Farhan Bokhari explores Pakistan’s nuclear dimension and suggests ways forward. But early on in his article he writes
It would be a mistake for anyone to assume that without Pakistan’s nuclear assets acquired through years of toil and sacrifice, the country’s independence could be assured. Indeed, a closer analysis of cases such as the ‘Kargil’ venture or last years’ eyeball to eyeball military standoff with India which culminated without a broader all out conflict, could easily lead to the conclusion, that prevailed in good measure due to the presence of a nuclear shield protecting Pakistan.[Jang/News]
Bokhari is no extremist. But even he sees nuclear weapons as preventing an Indian counter-attack, rather than encouraging Pakistani adventurism in the first place. Pakistanis love their bomb, not because it guarantees their sovereignty but because it gives them room to pursue their revisionist agenda. Moreover, it is also a tacit acknowledgement that Pakistan’s national identity is so weak that they need a bomb and a bogey to bolster it.
The failure of Pakistanis to ask themselves whether India would threaten the sovereignty of a Pakistan which harbours no hostile intentions makes me wonder how long the process of rapprochement will go.
Similarly Shafqat Mahmood contends that it was the nuclear weapons that saved Pakistan after Kargil and the Dec 13 attack on the Indian parliament.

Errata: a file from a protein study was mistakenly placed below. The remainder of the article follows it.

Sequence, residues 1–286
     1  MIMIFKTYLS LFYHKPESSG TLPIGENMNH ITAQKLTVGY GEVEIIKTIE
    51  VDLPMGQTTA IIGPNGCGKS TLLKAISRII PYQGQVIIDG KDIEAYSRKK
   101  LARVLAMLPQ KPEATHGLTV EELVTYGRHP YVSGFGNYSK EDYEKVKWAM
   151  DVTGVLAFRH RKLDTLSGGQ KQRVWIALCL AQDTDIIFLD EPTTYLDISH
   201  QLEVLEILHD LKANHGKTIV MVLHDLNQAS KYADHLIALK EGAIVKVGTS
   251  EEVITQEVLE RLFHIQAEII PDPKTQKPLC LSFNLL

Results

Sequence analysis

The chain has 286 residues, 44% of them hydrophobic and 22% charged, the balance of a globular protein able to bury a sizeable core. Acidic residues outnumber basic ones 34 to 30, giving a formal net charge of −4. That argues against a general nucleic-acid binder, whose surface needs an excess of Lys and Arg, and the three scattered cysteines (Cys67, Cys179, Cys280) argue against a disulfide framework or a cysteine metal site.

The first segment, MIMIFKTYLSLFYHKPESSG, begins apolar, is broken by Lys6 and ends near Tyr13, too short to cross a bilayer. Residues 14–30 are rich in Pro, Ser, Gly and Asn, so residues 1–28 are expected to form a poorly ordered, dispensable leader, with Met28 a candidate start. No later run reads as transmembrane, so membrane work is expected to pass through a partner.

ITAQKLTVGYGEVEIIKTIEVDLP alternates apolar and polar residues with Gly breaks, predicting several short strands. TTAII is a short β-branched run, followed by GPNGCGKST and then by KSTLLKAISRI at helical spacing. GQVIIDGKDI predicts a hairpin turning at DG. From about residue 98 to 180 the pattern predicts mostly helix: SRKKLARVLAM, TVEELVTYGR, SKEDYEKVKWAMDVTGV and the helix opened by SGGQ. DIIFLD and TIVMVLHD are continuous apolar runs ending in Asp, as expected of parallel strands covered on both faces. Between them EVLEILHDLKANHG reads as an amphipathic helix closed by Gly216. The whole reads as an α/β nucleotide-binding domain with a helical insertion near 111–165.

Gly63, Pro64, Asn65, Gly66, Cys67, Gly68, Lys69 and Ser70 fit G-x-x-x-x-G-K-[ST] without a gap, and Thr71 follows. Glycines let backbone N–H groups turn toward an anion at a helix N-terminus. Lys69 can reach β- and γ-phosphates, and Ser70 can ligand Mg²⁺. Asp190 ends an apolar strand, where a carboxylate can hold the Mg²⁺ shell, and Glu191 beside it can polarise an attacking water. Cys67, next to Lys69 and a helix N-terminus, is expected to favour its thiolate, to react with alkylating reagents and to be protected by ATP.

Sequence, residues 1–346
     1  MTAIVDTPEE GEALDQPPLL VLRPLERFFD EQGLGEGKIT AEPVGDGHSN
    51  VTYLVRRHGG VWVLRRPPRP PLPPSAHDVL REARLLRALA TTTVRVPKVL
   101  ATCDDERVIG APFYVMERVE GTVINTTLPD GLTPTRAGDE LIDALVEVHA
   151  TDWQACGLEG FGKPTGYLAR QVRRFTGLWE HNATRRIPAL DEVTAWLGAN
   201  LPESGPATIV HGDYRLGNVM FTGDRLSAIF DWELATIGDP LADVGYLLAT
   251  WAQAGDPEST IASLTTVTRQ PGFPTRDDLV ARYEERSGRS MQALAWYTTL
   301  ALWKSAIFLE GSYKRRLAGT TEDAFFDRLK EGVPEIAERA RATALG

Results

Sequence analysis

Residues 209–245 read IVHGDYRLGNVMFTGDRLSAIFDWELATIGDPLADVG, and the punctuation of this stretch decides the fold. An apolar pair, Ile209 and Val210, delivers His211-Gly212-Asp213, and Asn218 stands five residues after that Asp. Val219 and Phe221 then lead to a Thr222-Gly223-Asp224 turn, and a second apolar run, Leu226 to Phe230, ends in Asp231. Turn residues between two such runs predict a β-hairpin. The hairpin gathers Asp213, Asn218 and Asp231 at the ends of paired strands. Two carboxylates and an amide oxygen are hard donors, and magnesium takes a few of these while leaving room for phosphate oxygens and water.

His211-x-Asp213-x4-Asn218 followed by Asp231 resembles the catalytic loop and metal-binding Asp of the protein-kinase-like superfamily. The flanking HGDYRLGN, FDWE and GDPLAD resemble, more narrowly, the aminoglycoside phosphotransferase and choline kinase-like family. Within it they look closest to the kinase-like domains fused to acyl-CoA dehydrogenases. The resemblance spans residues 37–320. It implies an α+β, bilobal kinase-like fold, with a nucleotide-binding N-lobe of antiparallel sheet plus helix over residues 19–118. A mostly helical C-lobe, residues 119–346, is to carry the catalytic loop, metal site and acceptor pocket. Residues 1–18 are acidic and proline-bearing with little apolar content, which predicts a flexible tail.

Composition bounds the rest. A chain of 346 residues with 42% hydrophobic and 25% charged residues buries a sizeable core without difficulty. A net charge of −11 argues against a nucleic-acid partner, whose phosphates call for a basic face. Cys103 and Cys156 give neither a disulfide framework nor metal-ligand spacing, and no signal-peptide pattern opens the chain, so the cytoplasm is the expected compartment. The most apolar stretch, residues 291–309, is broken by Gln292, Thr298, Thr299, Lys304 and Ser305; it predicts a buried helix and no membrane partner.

And in an angry piece in Dawn Ayaz Amir argues that Musharraf caved in too easily. While agreeing that espousing jehad in Afghanistan and Kashmir was wrong and nuclear proliferation is a serious matter, he argues that Musharraf’s u-turns came too early. Is the Pakistani psyche in denial ? Its position on everything from Kashmir to nuclear weapons was untenable and its economy depending on US goodwill. By December 2003 Pakistan had no choice left but to appear to renounce its jehadi baggage.
Mercifully, some people are questioning the bomb
(Feb 1, 2004) Bangladesh is a Muslim country with a 4,053 km border with India (Pakistan’s border with India stretches 2,912 km). Bangladesh does not have the Bomb. Bhutan, Burma and Nepal are right next to India and they don’t have the Bomb either. Neither Bangladesh nor Bhutan, Burma or Nepal has been swallowed by their bigger neighbour.
What good is our Bomb? Can we sell it to Iran, Libya, Iraq, North Korea, Syria or Burma? Any takers? Is our Bomb the solution to our problems? What can the Bomb really do for us? The nuclear blasts were a bad bargain for us (remember, the freezing of accounts, state bankruptcy and then the rescheduling of $600 million Pak Eurobond). The Bomb was to bring us influence and prestige. All that the Bomb has delivered so far is undiluted international shame, both political and economic.
On September 11, American policy-makers discovered that Pakistan can be made to do almost anything by threatening to destroy her bomb. Their strategy was vindicated when we took no more than 2 minutes to end our decade long relationship with the Taliban. In that sense, the Bomb has actually become a liability not an asset.[Farrukh Saleem/The News]